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Putting Too Much Pressure on Your Children

Are You Putting Too Much Pressure on Your Children?

Parents differ in their opinions about how much pressure kids need. In fact, a 2013 survey by the Pew Research Centre found that 64% of Americans say parents aren’t putting enough pressure on children to do well in school. When kids don't get enough pressure from parents, they may be less likely to perform at their best.

Other adults insist kids are under way too much pressure. They express concerns that kids can't be kids anymore because they're constantly pressured to perform well so they get into the most prestigious schools or get the best scholarships.

Of course, school isn’t the only place where parents put pressure on kids. Some parents put pressure on kids to perform well in sports, music, theatre or a vast number of other activities. High-pressure parents may insist kids practice constantly and perform well in competitions.

While having high expectations of your child can be helpful, placing your child under too much pressure could backfire. Kids will likely meet your expectations when those expectations are reasonable. But expecting your child to do more than she can handle, will cause her to give up early. She may begin to show signs of stress, which can include physical symptoms as well as psychological symptoms. Here are three telltale signs you’re putting too much pressure on your child:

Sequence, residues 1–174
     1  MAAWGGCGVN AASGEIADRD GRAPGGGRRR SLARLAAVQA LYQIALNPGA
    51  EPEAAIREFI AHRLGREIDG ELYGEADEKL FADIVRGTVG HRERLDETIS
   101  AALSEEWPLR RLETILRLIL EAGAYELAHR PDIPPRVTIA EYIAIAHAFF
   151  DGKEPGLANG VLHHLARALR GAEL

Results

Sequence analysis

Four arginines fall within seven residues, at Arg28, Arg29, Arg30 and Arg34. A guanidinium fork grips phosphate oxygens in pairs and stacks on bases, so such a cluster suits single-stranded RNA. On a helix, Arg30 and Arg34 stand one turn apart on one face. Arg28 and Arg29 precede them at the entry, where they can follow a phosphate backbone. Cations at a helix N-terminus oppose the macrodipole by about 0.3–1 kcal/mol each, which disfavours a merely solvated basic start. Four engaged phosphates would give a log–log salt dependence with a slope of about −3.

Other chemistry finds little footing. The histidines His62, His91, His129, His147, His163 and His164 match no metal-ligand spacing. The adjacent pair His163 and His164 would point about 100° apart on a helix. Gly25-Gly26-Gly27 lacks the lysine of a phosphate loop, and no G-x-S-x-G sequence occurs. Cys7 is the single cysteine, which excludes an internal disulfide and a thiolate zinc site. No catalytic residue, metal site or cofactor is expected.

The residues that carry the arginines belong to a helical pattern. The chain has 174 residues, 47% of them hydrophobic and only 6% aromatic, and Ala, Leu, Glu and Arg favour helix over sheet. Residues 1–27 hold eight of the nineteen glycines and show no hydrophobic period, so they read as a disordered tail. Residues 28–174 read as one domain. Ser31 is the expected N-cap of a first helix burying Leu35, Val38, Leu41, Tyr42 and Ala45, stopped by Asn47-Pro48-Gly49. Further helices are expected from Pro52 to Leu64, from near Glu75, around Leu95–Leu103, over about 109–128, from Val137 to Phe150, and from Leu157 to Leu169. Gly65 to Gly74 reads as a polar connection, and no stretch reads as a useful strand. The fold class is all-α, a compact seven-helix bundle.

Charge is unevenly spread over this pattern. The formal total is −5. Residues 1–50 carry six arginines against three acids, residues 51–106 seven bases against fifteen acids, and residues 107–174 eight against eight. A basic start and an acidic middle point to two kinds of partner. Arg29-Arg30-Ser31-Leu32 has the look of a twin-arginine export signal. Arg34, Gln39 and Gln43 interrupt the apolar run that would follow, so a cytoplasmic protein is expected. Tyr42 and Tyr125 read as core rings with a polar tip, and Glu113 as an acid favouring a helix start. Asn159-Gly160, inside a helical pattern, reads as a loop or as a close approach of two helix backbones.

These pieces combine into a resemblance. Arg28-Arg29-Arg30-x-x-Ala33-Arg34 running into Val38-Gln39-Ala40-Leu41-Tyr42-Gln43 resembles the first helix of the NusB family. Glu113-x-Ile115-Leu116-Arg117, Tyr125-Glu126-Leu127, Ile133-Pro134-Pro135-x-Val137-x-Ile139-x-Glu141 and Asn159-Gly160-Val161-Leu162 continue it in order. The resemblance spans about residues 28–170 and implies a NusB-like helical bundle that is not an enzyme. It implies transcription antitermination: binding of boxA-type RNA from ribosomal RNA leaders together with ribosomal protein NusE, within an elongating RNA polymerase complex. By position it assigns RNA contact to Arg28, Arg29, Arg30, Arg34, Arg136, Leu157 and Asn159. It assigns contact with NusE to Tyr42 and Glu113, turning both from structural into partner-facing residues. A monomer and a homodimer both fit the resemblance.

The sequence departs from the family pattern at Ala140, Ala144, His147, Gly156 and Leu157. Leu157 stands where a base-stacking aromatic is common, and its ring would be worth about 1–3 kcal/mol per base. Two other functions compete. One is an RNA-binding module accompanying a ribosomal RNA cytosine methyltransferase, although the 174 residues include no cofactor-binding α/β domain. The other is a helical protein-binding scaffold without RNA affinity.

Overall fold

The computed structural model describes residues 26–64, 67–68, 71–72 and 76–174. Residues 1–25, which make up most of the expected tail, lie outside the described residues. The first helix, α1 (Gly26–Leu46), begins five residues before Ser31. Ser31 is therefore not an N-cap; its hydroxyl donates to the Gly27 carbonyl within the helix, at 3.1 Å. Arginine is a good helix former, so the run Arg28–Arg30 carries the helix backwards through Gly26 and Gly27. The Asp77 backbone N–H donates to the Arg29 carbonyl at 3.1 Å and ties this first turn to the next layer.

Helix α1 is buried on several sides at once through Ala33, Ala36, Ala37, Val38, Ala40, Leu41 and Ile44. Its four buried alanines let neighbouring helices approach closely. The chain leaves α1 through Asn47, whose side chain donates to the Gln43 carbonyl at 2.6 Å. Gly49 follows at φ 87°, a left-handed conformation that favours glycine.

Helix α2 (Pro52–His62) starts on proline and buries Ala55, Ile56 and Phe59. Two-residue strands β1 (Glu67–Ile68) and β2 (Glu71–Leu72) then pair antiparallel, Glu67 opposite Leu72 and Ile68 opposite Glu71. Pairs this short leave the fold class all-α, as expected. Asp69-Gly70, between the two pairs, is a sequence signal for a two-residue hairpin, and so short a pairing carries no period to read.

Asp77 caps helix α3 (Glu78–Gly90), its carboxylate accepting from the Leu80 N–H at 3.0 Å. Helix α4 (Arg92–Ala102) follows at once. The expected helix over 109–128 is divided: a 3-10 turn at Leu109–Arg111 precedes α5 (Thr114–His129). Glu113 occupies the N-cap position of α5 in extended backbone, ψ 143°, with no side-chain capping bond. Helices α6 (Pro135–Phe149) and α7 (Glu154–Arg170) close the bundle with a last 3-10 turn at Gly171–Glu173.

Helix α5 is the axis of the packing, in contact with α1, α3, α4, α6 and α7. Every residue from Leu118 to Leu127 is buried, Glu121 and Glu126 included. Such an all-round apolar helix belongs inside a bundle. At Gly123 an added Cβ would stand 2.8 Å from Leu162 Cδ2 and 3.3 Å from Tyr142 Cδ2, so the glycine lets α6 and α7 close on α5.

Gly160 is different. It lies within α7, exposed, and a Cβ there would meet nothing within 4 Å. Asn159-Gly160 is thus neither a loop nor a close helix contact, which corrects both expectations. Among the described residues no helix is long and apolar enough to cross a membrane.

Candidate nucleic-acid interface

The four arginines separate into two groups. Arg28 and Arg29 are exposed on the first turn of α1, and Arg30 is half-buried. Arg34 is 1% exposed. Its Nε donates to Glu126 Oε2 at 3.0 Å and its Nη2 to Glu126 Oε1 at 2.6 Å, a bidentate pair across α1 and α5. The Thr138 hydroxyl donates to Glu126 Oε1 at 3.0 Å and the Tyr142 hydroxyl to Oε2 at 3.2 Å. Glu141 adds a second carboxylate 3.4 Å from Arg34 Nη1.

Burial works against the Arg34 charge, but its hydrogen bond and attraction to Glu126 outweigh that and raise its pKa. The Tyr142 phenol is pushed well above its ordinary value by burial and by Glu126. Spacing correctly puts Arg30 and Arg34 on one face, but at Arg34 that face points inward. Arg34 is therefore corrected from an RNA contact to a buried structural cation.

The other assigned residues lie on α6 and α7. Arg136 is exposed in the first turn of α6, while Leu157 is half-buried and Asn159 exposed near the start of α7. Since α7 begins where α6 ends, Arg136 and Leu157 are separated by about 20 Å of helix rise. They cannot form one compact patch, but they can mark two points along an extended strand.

1. You Micromanage Your Children Activities

High-pressure parents are at risk of becoming control freaks. If you hover over your children’s daily activities like homework, chores, and play to make sure that he’s doing everything right, you are likely putting too much pressure on him. While it’s important to be involved in your children life, micromanaging his activities could stunt his development.

If you want your child to perform well, allow him to make mistakes and face natural consequences when appropriate. Although it can be hard to watch your child do poorly on a test he didn’t study for or lose out on an opportunity because he didn’t put in the effort, those consequences can be some of life's greatest teachers.

2. You Draw Comparisons to Other Children

Constantly reminding your child of things like, “Your sister made it to the top round in the spelling bee because she practiced all the time,” or “Did you notice how many points Johnny got today? I think you could probably score more points than he did if you practiced more.” Comparing your child to other kids all the time puts him in constant competition with those around him and doesn’t take into account his individuality.

When kids are put under pressure by being compared to others, it can reduce their willingness to do things where they won’t excel. They may give up playing soccer if they’re not the fastest runner or they may decline to be on the math team if they’re not the smartest person on the team.

Encourage your child to become better by competing with himself. Talk about the importance of learning and practicing so he can become better today than he was yesterday regardless of how others around him are performing.

3. You’re Losing Your Cool Often

Putting kids under a lot of pressure means parents often feel the squeeze as well. When kids aren’t meeting parental expectations, it causes parents to grow frustrated fast. If you lose your temper because your child isn’t performing as well as you’d like, you may be putting too much pressure on your child.

Your child might never be a track star and may never be the valedictorian of his class. Putting pressure on him to become things he’s not interested in will only cause more stress for everyone. Find a healthy balance that encourages your child to be his best, without trying to force him to meet unrealistic expectations.


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